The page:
Here is the text from my March 22 sermon. You can also listen to it from the March 22 worship video posted on the St. Peter Facebook page.

unnamedWhat a difference a week makes!

That’s how I started last week’s sermon and it seemed like a pretty on-point thing to say this week too. Last week I lamented the closing of schools and restaurants and the lack of sanitizing gel and toilet paper.

This week, almost everything is closed, we went from groups of 100 to groups of 50, and now to groups of 10 or less. You can’t get a haircut or a manicure or go to a fitness class. Or still find anti-bacterial gel or even much toilet paper

And for what is likely a first for reasons other than weather, we have suspended in-person worship services here at St. Peter, as have churches around the country.

Oh…and the COVID-19 virus has found its way into our community. It has been a week.

And we are told it will get worse.

But in the midst of all the craziness and change for the worse, we, the leaders of St. Peter, felt you needed some normalcy in your life, so here we are, doing our “normal” worship service with a few tweaks to make it more usable for you at home.

We also know that you need to hear the hopeful Word of God—we all do—more than ever. In the midst of what may the health crisis of our lifetimes, we need the hope that comes only through faith in Jesus Christ.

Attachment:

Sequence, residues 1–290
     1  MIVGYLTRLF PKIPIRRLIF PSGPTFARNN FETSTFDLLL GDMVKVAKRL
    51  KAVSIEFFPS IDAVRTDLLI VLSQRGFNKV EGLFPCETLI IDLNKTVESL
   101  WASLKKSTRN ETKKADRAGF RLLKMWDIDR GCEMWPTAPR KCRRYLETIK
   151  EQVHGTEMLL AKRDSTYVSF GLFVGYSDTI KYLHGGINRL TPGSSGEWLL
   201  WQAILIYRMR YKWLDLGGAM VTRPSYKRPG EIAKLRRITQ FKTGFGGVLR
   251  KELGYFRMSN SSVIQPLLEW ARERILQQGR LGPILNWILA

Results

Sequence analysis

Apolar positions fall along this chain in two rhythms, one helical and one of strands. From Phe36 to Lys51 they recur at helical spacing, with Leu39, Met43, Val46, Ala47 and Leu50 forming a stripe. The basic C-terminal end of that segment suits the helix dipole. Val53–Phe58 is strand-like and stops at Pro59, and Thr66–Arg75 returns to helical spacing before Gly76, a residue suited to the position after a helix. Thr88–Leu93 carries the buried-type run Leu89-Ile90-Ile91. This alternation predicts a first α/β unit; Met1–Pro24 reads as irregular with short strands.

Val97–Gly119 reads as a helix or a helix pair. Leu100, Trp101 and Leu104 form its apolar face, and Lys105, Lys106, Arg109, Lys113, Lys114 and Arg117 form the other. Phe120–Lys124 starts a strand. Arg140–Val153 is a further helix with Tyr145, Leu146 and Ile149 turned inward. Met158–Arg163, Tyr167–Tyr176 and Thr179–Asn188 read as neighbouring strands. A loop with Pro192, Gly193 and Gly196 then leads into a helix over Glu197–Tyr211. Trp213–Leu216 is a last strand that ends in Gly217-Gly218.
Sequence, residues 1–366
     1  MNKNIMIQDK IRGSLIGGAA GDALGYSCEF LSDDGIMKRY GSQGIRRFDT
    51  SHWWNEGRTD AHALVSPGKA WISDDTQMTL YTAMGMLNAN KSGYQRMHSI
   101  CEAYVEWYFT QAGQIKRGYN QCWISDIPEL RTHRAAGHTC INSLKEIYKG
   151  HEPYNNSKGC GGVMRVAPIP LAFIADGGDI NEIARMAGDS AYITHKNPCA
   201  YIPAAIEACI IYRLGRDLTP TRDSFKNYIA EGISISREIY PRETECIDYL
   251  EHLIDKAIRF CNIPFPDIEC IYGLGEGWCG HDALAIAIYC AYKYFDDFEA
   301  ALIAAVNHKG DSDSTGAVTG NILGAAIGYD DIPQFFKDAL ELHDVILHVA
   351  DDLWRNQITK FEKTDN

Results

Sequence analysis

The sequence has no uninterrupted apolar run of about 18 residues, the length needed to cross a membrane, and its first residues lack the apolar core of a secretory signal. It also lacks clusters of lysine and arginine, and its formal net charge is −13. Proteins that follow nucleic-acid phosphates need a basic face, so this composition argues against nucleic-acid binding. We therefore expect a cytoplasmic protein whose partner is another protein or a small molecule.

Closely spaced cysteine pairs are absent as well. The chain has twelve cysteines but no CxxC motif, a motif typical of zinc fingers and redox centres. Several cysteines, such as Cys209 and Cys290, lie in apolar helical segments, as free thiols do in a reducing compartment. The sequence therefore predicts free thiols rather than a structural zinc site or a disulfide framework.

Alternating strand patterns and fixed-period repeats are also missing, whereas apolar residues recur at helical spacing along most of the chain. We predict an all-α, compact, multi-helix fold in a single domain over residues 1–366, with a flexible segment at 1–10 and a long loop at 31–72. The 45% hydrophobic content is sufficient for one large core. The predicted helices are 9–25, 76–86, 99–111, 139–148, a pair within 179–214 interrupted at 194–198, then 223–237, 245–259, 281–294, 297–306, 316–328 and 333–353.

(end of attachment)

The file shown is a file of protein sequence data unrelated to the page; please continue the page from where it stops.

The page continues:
And to illustrate the hope that comes only through faith in Jesus Christ, today we have one of my favorite stories in the scriptures. The story of the man born blind, healed by Jesus. It’s one of the longest stories in the gospels, with multiple characters, conversations, tense situations, a miracle, and oh, yeah, a guy has his life changed permanently. Pretty good stuff.

The action begins with the disciples asking Jesus if the man born blind was being punished for his sins or for the sins of his parents. Rather a horrible question, I’d say, but that’s the way they all thought in those days. Disease or disability was a sign of God’s wrath directed towards you or a member of your family for some sin you had committed. The disciples were products of their age. They believed that someone must be to blame for this situation.

Jesus names this viewpoint for what it is: nonsense. Instead, he says that this is an opportunity to show the power of God. And without the man ever asking him, Jesus cures the man’s blindness. And then Jesus disappears from the story for a while.

Much of the rest of the story is about how no one believed that the blind man had been miraculously cured; or they believed he had been lying all along about being blind. They even questioned his parents about whether this man actually was their son at all and his parents hmm and haw around and avoid the answering the question. Maybe it WAS their sin that cause the man’s blindness.